The Commodores: Live in Santiago

The words to The Commodores’ dance hit are not “She dropped a brick, owwwwwww”, but I didn’t discover that until I was 20. The other week during a telephone interview, I had the chance to tell Walter “Clyde” Orange, the original drummer of this Grammy-winning funk and soul group, my version of their song “Brickhouse.”

itemId=15053 Photo courtesy The Commodores

Once he stopped laughing, we were able to talk about the group and their upcoming show in Santiago’s Teatro Caupolitan on 31 October 2009.

“We’re all really excited about coming to Chile,” said Orange. “It’s going to be a good show, a good time for everyone. We’re getting a new album started. I don’t know if we’ll play them in Santiago, but we’ve got three or four new tracks recorded.”

itemId=15054 Photo courtesy The Commodores

Orange spoke from his Florida home about creating new music in today’s industry. “It’s been kind of a struggle for us, because just in the last five years the industry has changed dramatically. Of course the music is gonna change. Every different time has a different sound.”

“I joined The Commodores as a teenager in 1969. Now it’s 2009. That’s 40 years,” said Orange. With an original lineup that included Thomas McClary, Milan Williams, William “Wak” King, Ronald Le Pread, Lionel Richie and Sheldon Reynolds later of Earth, Wind and Fire.

“When we began we were doing takeoffs on the Temptations, the Four Tops and the Dramatics, but they were only singing and had a backup band and dancers. But we came in doing something different, doing everything ourselves — dancing, singing and playing. The closest thing to what we did was the Beatles.”

“We studied the Beatles hard, ‘Three Dog Night’ ” especially. We were like them. We weren’t just another R&B band. We were a cross-over group going into pop. We really studied the Beatles. What they were doing. How they were doing it. You have to study to learn. Benny [Ashburn, Commodores manager] taught us that.”

Orange commented that Ashburn steered the band towards obtaining publishing rights from Motown, and made them write songs. “Record companies are going out of business today, because people aren’t letting them take their publishing rights anymore,” Orange said.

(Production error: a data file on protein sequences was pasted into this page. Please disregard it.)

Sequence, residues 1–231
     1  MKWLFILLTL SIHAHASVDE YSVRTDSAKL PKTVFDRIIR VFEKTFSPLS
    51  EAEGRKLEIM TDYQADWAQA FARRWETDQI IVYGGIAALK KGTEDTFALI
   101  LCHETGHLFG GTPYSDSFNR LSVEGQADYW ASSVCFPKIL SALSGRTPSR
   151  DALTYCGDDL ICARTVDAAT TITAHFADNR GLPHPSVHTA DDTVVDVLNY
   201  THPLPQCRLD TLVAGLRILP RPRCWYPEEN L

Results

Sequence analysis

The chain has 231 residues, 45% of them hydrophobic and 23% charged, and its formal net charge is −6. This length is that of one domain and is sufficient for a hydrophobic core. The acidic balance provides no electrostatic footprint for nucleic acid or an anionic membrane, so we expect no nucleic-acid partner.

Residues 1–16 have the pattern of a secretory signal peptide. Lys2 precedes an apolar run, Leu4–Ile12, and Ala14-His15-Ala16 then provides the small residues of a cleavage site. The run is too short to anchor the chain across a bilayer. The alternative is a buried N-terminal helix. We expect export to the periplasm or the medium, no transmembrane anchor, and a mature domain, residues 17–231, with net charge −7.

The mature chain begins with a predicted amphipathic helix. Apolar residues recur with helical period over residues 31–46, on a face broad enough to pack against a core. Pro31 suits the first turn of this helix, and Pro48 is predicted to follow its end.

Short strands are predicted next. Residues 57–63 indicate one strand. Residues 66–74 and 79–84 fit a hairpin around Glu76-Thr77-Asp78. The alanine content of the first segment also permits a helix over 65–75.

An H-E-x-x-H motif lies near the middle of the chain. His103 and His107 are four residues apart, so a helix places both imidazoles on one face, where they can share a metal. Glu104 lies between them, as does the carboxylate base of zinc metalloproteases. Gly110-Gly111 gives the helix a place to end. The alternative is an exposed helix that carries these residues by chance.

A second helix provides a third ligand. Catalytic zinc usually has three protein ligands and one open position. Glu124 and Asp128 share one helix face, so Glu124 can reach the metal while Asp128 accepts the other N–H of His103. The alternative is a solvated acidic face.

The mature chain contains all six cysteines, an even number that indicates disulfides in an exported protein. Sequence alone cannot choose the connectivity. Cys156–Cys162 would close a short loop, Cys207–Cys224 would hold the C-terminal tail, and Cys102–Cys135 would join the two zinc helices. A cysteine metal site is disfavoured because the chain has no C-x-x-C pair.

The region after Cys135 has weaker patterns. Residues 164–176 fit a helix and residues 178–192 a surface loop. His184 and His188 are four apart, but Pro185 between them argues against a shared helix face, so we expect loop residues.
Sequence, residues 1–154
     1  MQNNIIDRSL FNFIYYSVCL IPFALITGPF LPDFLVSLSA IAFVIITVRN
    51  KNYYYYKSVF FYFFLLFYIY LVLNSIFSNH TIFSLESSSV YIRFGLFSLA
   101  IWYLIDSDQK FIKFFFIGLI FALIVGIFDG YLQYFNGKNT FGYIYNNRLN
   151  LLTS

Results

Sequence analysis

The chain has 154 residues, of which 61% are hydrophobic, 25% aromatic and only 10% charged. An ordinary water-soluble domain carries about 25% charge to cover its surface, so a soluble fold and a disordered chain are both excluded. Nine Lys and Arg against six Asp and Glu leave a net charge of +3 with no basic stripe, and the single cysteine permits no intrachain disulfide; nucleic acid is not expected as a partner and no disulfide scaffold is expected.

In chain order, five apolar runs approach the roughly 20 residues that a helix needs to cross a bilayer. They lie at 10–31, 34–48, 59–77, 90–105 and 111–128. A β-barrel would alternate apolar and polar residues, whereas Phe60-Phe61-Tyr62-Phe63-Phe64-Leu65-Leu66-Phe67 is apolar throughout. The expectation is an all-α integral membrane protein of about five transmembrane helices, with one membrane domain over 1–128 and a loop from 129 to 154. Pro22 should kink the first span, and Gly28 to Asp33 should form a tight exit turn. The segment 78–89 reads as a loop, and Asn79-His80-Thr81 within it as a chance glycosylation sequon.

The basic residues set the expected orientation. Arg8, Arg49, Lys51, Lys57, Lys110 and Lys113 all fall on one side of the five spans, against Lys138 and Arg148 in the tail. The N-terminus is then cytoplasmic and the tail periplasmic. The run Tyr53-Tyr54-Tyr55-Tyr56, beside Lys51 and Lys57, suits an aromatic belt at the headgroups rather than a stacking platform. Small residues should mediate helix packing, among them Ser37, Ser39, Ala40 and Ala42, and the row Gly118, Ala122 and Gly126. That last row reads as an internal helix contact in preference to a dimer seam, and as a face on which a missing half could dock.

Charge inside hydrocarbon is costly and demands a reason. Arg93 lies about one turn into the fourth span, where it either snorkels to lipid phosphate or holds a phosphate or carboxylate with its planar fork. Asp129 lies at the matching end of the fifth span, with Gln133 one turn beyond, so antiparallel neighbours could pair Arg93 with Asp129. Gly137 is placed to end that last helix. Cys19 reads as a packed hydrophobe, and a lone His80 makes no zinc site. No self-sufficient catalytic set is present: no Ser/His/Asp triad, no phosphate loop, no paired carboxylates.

Asburn also had them drive up to New York for an audition that landed them the spot as the opening band for the Jackson 5, at a time when their opening acts were getting eggs thrown at them. “The audiences weren’t there for the opening groups. They wanted the Jackson 5 and no one else,” said Orange.

itemId=15055 Photo courtesy The Commodores

Orange admits that as a group they were lucky to have good managerial guidance, a band no-drug policy and were able to watch and learn from the examples of bands that preceded them. “We agreed if we got married, ‘cause we were all single guys at the time, we’d keep the females out of the business, as we saw it as the downfall of many groups at the time. This is a business. You have to treat it like a business.”

But Orange admits that without the passion for the music and the dedication to it, the business side would never exist. “Before we eat, we want to play. Before we sleep, we want to play, before we… do anything, we want to play. This comes first. This is our life. This is my life. I thank God He put a group like the Commodores together, because this is our life.”

He says it takes that kind of passion to make it in music. If someone asked him about becoming a musician, he would say “NO. DON’T DO IT! No. no. I’m joking, but if you’re not serious about it and can’t treat it like a business, really don’t.”

Orange said he is looking forward to the show in Santiago. “We only see each other when we play, as we are all in different cities. JD is in Las Vegas, William King is in Atlanta, and I’m in Coral Springs.”

“Our music has changed again. We’ve tried to twist again to keep it interesting. If we’re not getting a big bang out of it, we’re not playing it at the show.”

The Commodores: Fiesta Halloween
31 October 2009, 9pm
CP$12,000 to CP$25,000
Teatro Caupolicán
San Diego 850 (between Coquimbo and Copiapo)
Metro Universidad de Chile (9 blocks from metro)
Phone: 699-1556
Tickets available via Ticketmaster and Cinehoyts locations

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